SANTA FE — Working deep into the night, the state House passed a bill Tuesday that would expand automatic voter registration at MVD offices and establish a permanent absentee voter list.
The proposal, House Bill 4, won approval on an 41-26 vote, sending it over to the state Senate.
Democrats praised the bill as a significant expansion of voting rights in New Mexico.
“Letting every voice be heard, that’s what we want,” Rep. Susan Herrera, D-Embudo, said.
Republicans, in turn, blasted the idea of registering people to vote without their consent — even if briefly — and questioned whether the legislation has adequate protections to ensure only legitimate ballots are counted.
Rep. Greg Nibert, R-Roswell, raised the prospect of illegal ballot deliveries to drop boxes required by the bill.
“This seems be one area,” he said, “where I think there’s a weak point.”
House Majority Leader Gail Chasey, an Albuquerque Democrat who presented the bill, said the boxes called for in the bill would be secure and monitored.
She described the legislation as “a major step forward for protecting the right to vote for our citizens in New Mexico.”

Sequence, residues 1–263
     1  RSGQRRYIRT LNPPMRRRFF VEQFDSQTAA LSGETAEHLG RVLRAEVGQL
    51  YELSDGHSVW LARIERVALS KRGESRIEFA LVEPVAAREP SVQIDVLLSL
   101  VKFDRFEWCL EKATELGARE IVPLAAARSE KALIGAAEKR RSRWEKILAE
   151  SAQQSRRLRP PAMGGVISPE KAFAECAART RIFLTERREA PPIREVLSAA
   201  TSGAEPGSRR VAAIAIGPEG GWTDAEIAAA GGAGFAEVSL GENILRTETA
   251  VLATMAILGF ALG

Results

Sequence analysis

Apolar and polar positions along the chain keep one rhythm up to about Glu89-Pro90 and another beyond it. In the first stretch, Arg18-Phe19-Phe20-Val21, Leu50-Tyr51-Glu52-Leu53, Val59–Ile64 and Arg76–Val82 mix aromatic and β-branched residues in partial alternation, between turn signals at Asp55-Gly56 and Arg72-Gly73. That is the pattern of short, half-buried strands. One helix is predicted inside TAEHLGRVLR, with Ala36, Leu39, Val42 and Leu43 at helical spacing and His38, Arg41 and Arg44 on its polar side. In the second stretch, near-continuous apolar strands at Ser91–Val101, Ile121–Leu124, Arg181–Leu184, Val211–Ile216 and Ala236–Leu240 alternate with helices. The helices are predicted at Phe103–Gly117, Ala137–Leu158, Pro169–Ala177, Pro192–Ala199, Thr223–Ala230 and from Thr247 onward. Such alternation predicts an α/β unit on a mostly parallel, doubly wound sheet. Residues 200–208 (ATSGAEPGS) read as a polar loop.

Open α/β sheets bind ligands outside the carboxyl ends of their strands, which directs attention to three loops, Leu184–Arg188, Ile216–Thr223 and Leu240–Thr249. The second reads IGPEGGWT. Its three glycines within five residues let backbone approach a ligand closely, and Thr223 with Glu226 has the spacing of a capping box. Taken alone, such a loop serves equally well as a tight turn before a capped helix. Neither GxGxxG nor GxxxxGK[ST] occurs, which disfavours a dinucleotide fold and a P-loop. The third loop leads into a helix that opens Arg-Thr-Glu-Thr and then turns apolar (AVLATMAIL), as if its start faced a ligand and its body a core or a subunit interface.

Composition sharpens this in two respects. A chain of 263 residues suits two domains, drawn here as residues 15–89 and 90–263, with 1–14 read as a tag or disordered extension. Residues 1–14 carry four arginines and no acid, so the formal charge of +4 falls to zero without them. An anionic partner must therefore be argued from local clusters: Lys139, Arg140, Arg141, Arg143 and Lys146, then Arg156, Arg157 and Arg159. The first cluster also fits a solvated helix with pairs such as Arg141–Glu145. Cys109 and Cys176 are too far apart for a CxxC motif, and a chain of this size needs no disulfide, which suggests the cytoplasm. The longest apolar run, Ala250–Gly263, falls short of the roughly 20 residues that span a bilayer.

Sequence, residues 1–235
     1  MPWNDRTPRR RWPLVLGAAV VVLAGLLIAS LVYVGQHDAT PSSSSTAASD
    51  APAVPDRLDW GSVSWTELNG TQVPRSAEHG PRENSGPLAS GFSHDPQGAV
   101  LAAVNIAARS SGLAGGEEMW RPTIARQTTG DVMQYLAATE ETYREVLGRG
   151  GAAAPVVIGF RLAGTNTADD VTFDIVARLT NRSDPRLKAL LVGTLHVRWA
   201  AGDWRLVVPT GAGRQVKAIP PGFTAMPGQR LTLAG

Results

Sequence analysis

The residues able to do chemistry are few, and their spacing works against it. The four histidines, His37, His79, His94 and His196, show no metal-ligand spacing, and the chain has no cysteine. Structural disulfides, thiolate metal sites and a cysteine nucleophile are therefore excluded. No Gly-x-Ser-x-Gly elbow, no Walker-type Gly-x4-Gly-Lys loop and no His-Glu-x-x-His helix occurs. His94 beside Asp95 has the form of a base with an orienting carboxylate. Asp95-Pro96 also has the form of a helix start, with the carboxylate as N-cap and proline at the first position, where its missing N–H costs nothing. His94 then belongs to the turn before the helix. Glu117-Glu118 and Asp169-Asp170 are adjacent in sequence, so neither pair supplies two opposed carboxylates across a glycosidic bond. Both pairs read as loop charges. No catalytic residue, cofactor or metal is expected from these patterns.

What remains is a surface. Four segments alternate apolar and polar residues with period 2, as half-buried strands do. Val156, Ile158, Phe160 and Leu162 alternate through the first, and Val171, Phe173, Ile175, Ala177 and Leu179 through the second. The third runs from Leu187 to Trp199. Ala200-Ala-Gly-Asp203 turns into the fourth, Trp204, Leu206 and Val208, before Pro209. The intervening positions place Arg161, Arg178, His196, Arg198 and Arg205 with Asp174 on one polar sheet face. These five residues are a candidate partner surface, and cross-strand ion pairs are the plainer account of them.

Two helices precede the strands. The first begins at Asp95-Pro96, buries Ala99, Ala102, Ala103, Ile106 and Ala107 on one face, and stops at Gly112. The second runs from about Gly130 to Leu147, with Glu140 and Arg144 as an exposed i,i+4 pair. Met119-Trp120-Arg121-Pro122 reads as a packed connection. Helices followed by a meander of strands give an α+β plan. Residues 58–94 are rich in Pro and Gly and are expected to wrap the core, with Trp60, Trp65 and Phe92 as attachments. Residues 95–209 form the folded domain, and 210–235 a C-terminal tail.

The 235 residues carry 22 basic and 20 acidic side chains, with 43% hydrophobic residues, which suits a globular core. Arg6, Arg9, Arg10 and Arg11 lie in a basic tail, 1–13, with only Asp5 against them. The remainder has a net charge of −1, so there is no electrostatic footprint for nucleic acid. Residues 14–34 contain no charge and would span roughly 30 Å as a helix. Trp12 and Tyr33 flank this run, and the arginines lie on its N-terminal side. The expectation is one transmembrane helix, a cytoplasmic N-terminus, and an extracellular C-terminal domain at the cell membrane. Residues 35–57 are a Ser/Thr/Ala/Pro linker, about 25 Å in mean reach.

The legislation would:
— Phase in automatic voter registration during some transactions at Motor Vehicle Division offices, such as when a person presents documents proving citizenship while applying for a driver’s license.
Newly registered voters would be told they’ve been added to the voter rolls and that they’ll get a postcard in the mail allowing them to decline the registration.
— Allow voters to sign up once to get absentee ballots before every election.
— Restore the voting rights of felons when they leave custody rather than after they complete probation or parole.
— Make Election Day a school holiday.
— Enact a Native American Voting Rights Act to better coordinate access to the polls on tribal land.
— Require each county to have at least two secured, monitored boxes for people to drop off absentee ballots.
Four Democrats in the House — Speaker Javier Martínez of Albuquerque, Chasey, Doreen Wonda Johnson of Shiprock and Raymundo Lara of Chamberino — are jointly sponsoring the bill. The bill is also sponsored by Sen. Katy Duhigg, D-Albuquerque.
It passed largely along party lines about 11:20 p.m. after three hours of debate.